by Tom Hargreaves, Director
Towards the end of last month the Government announced the possibility of introducing a deposit return scheme for plastic bottles. This already exists in some European countries, and in simple terms means that consumers pay an additional amount in ‘tax’ for a soft drink for which they get reimbursed when they subsequently return the bottle to be recycled once the product is consumed.
And this week it’s been reported in a survey that Brits are more concerned about the battle against plastic than they are about the potential impact of Brexit, with 82% of those asked favouring a deposit return scheme and more than half actively trying to purchase grocery products that weren’t sold in plastic packaging.
So all this marks a fairly sudden rise in the public’s consciousness about the impact that plastic can have on the environment and particularly the World’s oceans, successfully prompted by last year’s BBC ‘Blue Planet’ series, where David Attenborough urged the world to take action. And if you’re in any doubt about the size of the problem, a recent Guardian investigation established that consumers around the world buy around one million plastic bottles every single minute!
So where does this leave the UK Soft Drinks industry, which is still trying to navigate the soft drinks industry levy or ‘Sugar Tax’ as its commonly known? According to the British Soft Drinks Association, around 70% of the soft drinks sold in the UK come in a plastic bottle, favoured for being lightweight, flexible and recyclable.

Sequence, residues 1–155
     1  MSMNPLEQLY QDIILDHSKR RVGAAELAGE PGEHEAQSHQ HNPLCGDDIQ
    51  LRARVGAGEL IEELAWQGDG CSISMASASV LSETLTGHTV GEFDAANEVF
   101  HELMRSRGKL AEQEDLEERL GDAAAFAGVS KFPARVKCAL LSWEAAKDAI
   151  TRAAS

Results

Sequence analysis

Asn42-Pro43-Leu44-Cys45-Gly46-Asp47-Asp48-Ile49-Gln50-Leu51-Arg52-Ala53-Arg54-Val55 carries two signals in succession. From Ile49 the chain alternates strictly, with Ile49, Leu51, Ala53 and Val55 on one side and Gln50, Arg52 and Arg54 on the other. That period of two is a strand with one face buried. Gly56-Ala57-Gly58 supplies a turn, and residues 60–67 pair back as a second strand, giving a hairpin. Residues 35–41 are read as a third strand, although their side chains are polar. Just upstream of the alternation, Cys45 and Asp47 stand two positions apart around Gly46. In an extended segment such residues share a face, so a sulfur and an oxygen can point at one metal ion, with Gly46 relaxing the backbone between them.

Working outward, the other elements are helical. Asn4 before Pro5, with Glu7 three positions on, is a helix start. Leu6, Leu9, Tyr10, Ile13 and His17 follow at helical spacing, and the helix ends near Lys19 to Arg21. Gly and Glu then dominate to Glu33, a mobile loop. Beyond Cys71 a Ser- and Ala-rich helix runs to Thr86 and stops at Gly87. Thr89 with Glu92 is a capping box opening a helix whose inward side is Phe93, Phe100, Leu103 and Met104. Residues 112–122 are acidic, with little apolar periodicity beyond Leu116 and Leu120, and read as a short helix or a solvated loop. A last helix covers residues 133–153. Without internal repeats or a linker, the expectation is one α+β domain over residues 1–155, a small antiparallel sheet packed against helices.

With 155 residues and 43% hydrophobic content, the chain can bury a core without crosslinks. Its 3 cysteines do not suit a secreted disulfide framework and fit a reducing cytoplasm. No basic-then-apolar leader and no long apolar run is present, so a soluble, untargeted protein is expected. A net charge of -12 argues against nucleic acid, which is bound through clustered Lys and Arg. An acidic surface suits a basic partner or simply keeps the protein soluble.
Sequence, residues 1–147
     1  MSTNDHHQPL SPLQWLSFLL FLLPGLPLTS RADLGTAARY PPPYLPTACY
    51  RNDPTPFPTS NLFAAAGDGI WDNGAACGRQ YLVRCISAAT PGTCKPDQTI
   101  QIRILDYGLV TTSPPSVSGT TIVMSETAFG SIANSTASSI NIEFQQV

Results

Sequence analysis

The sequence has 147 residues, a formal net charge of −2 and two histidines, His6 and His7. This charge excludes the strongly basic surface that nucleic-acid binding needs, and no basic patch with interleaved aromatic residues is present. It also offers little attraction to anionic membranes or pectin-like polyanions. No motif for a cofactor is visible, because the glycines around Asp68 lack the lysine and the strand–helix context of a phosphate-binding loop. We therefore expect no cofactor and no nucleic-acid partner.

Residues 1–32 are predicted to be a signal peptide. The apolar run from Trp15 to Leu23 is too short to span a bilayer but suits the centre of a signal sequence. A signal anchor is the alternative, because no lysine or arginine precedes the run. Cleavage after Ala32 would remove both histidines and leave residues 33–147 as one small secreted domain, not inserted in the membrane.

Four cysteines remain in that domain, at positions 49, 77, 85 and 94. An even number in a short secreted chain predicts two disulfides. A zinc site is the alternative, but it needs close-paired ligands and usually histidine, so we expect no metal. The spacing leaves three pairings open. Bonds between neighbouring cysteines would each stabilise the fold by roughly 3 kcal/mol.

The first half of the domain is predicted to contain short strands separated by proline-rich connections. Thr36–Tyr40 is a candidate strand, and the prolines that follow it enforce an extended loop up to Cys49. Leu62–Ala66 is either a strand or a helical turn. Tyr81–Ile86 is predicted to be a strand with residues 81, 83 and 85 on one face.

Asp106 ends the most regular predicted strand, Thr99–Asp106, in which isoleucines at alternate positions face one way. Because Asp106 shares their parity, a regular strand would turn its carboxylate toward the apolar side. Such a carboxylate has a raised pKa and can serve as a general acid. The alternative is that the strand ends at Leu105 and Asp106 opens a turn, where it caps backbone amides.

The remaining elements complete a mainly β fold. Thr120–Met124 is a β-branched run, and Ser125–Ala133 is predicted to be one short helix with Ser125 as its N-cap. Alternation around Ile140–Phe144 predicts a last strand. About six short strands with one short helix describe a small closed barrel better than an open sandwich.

“Why don’t you just stop using plastic and put your products in glass bottles?” may well be the question from many consumers, but there’s an obvious cost implication to that which people may be unwilling to swallow, particularly when the price of their favourite soft drink may already be on the rise due to the levy.
Soft Drinks manufacturers have had to be pretty agile of late and it’s great to see our client Britvic on a mission to reduce the amount of materials that they use across all packaging formats and trial the introduction of rPET into their GB brands packaging. But it’s surely not just the responsibility of the manufacturers? Only 52% of plastic bottles within households and 25% of total plastic packaging were recycled in the UK in 2012, and while I’m certain this number has gone up since then, society needs to do its part to ensure as much plastic is recycled as possible and doesn’t add to what is already in our oceans. And a deposit return scheme, could be a good step in the right direction…